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sb vs. bb when you are sb


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#21 MrNiceGuy

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Posted 14 November 2005 - 07:27 PM

justblaze said:

dont really want to play low suited connectors against a villain who is going to check/call to the river regardless. you just have way too many tricky decisions on the flop and your implied odds are screwed by the fact that villain wont ever raise without the nuts. the list of problems with this play goes on and on.
Justblaze,I'm pretty sure this part of your statement is wrong.At the extreme, suppose the BB was the world's biggest fish. Say he will call to showdown with anything (even with 32 UI, hoping for a split), and that he will never bet or raise with any hand except for on the river with the nuts.Against this opponent, in a blind structure where the SB is 1/2 of the BB, it would be marginally correct to at least open-limp with any two (even 32o) if the SB (at least, if the rake is small), since you'd be getting 3-1 immediate on your limp (even 32o is 2-1 to win by the river vs. an random hand) and you'd have the advantage postflop (since you can bet for value when you have an equity edge against a random hand, and check when you don't).Obviously no real opponent is quite this loose-passive postflop, and it would never be correct to limp with weak offsuit junk. However, against passive opponents, I can see limping middle connectors (say, stuff like 86o), for example, primarily for pair value - 86o would not be favored against a random hand, but are around 45%, which would justify playing since you're getting a reduced price to enter the pot.I'm assuming that the BB is a relatively unobservant player, such that metagame considerations won't be a major concern.Also, if BB is a passive player, it may be correct to limp and then fold certain hands if he raises, even though you're still getting 3-1, since you're now up agains demonstrated strength instead of a random hand.However, up against players that are not extremely passive, I agree that it may be better to never open-limp from the SB.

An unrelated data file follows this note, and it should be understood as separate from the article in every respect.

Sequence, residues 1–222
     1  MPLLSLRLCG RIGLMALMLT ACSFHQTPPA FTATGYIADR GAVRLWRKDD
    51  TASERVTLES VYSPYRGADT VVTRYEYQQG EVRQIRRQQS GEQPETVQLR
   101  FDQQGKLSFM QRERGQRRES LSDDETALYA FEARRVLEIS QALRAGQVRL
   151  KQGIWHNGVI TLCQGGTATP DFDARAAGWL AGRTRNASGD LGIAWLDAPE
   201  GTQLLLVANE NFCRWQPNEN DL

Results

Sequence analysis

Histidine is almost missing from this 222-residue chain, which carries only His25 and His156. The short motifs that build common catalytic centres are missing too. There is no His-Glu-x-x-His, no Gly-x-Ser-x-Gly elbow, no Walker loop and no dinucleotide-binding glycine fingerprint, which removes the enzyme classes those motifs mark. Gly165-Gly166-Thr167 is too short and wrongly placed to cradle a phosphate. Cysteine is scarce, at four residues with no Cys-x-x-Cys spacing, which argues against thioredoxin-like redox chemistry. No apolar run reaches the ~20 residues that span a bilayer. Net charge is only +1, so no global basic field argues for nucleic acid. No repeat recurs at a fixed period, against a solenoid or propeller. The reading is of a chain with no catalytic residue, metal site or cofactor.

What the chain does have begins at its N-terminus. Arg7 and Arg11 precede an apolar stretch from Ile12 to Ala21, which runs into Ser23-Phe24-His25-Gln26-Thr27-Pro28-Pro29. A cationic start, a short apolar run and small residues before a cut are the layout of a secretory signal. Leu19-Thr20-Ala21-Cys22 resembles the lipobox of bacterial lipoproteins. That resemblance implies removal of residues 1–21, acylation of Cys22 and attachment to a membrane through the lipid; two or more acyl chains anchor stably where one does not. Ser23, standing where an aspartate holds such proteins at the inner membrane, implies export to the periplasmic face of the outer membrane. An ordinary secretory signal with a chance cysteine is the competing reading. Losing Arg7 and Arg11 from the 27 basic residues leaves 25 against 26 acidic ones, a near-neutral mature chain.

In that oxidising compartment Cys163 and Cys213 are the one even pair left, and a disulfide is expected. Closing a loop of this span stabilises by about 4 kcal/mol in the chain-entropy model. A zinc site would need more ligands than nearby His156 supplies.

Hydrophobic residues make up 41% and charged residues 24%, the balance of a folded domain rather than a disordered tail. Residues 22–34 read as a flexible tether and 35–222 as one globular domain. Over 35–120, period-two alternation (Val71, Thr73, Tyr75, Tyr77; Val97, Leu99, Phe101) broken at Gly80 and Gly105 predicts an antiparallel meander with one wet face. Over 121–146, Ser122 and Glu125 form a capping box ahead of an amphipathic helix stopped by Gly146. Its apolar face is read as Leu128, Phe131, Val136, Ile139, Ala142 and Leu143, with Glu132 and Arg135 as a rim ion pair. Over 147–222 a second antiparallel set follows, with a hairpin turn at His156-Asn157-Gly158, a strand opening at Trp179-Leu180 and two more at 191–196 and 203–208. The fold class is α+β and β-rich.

#22 Abbaddabba

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Posted 14 November 2005 - 07:34 PM

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Also, if BB is a passive player, it may be correct to limp and then fold certain hands if he raises, even though you're still getting 3-1, since you're now up agains demonstrated strength instead of a random hand.
In the few occasions that ive had the luxery of playing LHE HU against a loose passive, i did exactly that. They raise so few hands that i can safely fold after completing, despite the fact that it's the same relative price to call. That is true for many players that you will face at the lower limits, and probably higher, though it'd be more rare.

#23 justblaze

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Posted 14 November 2005 - 10:58 PM

MrNiceGuy said:

justblaze said:

dont really want to play low suited connectors against a villain who is going to check/call to the river regardless. you just have way too many tricky decisions on the flop and your implied odds are screwed by the fact that villain wont ever raise without the nuts. the list of problems with this play goes on and on.